why âx80x9csustainabilityâx80x9d should be more than a meaningless buzzword - super absorbent company

by:Demi     2019-09-03
why âx80x9csustainabilityâx80x9d should be more than a meaningless buzzword  -  super absorbent company
Through the environmental movement, the word "sustainability" has slowly entered the business vocabulary.
That no longer means paying for operating costs with profits, the definition I learned at Harvard Business School six years ago.
Instead, it becomes a vague term that fits any suitcase you want --
Whatever this means, it is a hot topic of social welfare.
The term has been used by different groups.
There are various meanings
Thirty years.
At the dawn of the environmental movement, the Sierra Club launched it for the first time in the 1970 s.
At the time, activists openly opposed mining, water pollution and other environmental threats.
They define sustainable development as a way to protect natural resources through the creation of national parks and the enactment of legislation punishing polluters.
In the 1980 s, companies like Body Shop used sustainability to describe their commitment to the environment and human rights, as well as corporate priorities that transcend profits.
For the next 20 years, the term has been used by a small group of companies, such as Ben and jerry MCCs and Eileen Fisher, whose founders have tried to incorporate their social values into their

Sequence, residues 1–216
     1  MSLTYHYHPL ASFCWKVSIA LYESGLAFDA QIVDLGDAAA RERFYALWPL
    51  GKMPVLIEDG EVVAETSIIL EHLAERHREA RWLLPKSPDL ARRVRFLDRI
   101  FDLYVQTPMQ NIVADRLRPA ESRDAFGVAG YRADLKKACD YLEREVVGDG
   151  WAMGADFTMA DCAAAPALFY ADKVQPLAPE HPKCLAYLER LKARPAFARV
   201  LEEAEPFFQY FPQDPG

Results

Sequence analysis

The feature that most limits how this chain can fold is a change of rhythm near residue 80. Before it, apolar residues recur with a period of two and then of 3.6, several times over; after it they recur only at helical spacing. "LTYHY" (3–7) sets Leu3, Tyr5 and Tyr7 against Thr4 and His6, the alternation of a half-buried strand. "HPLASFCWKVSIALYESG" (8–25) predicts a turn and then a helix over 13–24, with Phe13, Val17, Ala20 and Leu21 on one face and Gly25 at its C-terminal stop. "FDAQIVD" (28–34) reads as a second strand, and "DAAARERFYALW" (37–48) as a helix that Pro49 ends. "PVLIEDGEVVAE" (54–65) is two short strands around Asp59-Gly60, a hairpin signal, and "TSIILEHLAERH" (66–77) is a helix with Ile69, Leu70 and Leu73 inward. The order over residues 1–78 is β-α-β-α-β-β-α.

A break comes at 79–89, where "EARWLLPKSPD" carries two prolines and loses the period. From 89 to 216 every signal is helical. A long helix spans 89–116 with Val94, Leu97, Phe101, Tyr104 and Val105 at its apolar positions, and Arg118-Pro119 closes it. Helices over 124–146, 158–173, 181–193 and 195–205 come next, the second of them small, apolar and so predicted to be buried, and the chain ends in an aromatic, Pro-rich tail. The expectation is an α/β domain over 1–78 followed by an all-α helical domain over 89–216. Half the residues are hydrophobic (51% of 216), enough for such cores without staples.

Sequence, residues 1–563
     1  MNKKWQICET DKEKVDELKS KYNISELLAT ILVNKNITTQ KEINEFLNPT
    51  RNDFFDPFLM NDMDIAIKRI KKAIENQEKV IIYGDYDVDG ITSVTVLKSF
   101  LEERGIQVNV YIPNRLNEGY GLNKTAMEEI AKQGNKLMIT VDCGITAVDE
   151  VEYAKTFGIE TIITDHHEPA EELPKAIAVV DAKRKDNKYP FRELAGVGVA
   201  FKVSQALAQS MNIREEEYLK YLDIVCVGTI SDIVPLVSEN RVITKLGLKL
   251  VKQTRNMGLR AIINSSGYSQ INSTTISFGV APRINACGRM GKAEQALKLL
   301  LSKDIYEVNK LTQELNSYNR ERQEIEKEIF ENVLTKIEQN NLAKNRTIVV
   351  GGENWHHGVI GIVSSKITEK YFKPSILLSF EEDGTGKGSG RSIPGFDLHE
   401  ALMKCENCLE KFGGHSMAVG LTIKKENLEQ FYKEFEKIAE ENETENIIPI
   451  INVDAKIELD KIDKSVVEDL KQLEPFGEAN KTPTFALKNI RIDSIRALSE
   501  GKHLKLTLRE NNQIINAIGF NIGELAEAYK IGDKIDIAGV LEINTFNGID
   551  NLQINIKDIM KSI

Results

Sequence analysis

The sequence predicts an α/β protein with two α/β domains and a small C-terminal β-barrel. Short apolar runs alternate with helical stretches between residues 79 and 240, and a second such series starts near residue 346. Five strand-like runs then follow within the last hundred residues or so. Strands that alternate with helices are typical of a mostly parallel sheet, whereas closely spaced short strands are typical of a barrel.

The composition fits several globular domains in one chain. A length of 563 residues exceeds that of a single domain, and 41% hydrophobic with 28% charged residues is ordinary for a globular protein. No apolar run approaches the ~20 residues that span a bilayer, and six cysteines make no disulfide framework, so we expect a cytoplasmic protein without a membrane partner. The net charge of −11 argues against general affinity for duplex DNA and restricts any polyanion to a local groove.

Over the past five years, sustainable development has become more popular as multinationals open new sustainable development departments and CEOs at the World Economic Forum.
The term is common.
The choice, perhaps because Americans, especially millennials, want not only to buy products that do the job, but also to align with their values (
Like soap, cars can be cleaned without damaging the environment).
Today, 2,500 multinationals from 58 industries participated in the Dow Jones Sustainability Index, which uses variables such as labor and environmental practices to assess the sustainability of each company.
The index is one of the world's more than 25 sustainability indices, each with a unique set of criteria
Measure governments, multilateral organizations and non-multilateral organizations
The level of sustainable development of government organizations, or their level of sustainable development
Known as social welfare
There are many reasons why this phenomenon is not good.
First, it misleads resources.
According to Bloomberg information-
Institutional investors are currently using a "sustainable" investment strategy of more than $3.
Investment of 7 trillion
Increased by 22% in two years
In theory, this should be a good development.
But if there is no consensus on what sustainability means, how about institutional investors and their customers --
Not necessarily operational experts.
Make sure the funds are spent on truly sustainable business?
Investors rely on a very different definition of "sustainability"
From the driver of a coal company turning off the truck engine while refueling, to a rain-dependent city quinoa farm --
Collect water and compost fertilizers.
Second, blind application of "sustainable" can deceive consumers.
Consumers may have a view of what sustainable development means, so buy a product that has sustainable development in the transmission of information.
But when was the last time Unilever's marketing manager spent time at Lipton tea house to find out what farm demand was?